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Space junk from Chinese rocket breaks up over Queensland creating spectacular light show

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a blurry image of a night sky: The debris was spotted by people from Noosa to Bundaberg. (Supplied: Paul Karlish)

The debris was spotted by people from Noosa to Bundaberg. 

Debris from a Chinese rocket has broken up over Queensland creating a spectacular light show and captivating stargazers as it crashed towards Earth.

Several videos emerged on social media showing the bright sparks, from Noosa to Bundaberg on Thursday night.

"It's breaking apart," Sonia McLeod said, as she captured the event on camera.

"It's silent though.

"Wow. It's burning up as it comes in. What the hell is it?

"That's insane."

University of Southern Queensland astrophysicist Jonti Horner said the debris was space junk from a rocket, known as Chinese Long March 3B, which launched a navigation satellite in 2019.

He said it would have been about 12 meters long by 3 metres wide as it entered orbit and began breaking up.

"So a fairly hefty chunk," he said.

"It has been whizzing around the Earth gradually getting lower and lower, thanks to the atmosphere.

"Finally it came into burner last night, harmlessly."

Professor Horner said the rocket would have broken up in stages while in orbit.

He said the boosters on the bottom of the rocket would have fallen away in the atmosphere and would not have been seen in last night's display.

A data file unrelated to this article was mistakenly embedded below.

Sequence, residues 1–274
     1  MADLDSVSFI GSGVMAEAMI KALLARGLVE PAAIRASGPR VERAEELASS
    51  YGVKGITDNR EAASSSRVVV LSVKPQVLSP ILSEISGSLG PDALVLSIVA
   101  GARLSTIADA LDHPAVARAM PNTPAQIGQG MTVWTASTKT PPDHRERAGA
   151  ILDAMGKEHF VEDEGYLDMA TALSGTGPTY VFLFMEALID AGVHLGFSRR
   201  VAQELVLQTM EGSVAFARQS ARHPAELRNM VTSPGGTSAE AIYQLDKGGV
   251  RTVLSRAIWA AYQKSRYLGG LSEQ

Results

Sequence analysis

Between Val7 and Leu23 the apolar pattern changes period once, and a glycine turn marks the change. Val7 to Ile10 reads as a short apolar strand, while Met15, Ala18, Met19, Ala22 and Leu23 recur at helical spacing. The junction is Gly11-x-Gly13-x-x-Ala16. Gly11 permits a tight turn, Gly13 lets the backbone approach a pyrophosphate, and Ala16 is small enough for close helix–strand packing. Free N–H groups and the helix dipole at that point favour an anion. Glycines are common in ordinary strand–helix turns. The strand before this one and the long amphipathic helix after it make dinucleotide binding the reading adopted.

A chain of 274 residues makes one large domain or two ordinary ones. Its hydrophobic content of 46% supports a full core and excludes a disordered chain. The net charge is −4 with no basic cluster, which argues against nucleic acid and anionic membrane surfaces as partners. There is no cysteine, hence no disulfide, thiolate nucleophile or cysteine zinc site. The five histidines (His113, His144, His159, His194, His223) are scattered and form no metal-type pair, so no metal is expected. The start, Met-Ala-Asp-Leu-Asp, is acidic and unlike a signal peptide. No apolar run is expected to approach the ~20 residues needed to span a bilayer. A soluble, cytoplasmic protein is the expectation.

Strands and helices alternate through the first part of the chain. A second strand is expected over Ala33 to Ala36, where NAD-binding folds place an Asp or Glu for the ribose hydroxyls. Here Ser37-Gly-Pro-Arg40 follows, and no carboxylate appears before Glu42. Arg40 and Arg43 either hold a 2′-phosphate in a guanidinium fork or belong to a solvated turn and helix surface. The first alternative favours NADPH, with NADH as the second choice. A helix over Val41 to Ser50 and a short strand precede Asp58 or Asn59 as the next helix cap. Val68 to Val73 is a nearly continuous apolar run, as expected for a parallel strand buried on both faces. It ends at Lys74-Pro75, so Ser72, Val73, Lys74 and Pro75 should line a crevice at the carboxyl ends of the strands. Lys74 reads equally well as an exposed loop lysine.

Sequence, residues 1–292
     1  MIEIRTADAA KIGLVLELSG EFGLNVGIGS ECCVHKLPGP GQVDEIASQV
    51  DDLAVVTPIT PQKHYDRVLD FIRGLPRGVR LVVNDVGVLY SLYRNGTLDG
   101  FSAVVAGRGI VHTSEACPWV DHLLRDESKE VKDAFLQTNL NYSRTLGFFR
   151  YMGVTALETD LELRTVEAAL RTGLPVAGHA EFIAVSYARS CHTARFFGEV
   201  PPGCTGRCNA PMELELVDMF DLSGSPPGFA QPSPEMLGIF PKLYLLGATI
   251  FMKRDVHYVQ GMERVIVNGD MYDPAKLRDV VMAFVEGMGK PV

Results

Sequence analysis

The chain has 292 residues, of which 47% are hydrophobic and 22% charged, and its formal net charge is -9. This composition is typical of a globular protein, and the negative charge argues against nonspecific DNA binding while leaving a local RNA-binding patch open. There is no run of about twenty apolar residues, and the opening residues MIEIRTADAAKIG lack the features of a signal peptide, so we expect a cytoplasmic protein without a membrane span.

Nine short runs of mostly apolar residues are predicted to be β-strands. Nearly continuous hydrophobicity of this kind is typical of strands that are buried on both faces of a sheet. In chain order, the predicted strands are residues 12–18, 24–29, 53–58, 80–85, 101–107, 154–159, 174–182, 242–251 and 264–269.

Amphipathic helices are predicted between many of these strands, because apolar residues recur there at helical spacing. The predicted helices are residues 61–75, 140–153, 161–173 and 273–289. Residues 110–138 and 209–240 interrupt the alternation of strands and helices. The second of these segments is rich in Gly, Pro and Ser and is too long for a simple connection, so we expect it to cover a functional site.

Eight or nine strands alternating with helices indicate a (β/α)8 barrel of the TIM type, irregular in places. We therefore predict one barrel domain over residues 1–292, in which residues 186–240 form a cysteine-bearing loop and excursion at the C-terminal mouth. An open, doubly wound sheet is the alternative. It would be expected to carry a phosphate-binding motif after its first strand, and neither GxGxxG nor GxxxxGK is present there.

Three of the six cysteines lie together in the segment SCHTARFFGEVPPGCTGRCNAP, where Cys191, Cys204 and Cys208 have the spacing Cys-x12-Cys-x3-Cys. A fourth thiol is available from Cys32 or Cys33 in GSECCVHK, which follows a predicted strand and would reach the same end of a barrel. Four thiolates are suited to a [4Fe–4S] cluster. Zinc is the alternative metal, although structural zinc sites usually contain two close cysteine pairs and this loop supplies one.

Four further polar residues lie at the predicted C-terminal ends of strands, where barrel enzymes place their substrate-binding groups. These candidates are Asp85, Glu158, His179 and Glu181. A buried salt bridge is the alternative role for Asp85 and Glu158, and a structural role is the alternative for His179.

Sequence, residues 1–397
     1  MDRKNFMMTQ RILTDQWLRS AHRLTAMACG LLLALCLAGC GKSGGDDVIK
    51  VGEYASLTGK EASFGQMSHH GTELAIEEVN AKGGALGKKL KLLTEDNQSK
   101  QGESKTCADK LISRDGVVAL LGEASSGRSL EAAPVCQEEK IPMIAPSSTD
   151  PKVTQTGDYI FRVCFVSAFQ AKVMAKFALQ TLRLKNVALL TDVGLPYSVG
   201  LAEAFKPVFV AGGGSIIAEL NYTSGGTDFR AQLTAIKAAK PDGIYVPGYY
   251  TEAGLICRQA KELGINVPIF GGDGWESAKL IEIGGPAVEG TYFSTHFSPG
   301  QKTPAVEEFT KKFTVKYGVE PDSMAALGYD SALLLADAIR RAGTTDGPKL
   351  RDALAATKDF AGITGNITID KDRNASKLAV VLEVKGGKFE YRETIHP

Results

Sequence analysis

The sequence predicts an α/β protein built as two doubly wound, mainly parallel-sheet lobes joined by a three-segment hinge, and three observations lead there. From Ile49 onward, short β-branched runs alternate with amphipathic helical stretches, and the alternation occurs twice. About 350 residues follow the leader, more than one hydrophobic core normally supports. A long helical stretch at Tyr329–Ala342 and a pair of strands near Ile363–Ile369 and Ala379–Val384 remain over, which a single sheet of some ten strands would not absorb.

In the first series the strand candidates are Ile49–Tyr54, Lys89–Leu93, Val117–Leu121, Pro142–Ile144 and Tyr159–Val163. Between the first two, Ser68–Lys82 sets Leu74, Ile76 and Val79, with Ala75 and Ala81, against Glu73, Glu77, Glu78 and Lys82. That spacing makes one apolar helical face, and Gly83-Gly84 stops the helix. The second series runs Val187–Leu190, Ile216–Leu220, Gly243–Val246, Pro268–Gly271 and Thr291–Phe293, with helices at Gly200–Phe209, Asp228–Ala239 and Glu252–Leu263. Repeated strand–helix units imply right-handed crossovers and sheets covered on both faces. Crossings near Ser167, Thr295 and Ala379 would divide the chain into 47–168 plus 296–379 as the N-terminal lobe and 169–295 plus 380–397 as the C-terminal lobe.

The remaining parts of the rocket would also have broken up in the atmosphere, but because they burn for longer, they would have become the blazing debris.

Professor Horner said the rocket was predicted to land in the Pacific Ocean.

"They probably knew that they'd land there or they'd aim to drop it over the pacific," Professor Horner said.

"They wouldn't have known when because the Earth's atmosphere isn't fixed, it's like a pair of lungs that breathe in and breathe out, constantly changing.

"That's why we tend to see a lot of them over our eastern seaboard, because the Pacific is the natural dumping ground, because it's big and empty, and there's nobody there so it's a safe place."

Professor Horner said the tracking of space debris was big business due to the amount of junk in space that posed a threat to active satellites.

"People around the world are observing space junk all the time. [They] try and predict if any satellites are at risk," he said.

"Famously the International Space Station has had to pull a few evasive manoeuvres over the years to avoid potential impacts."

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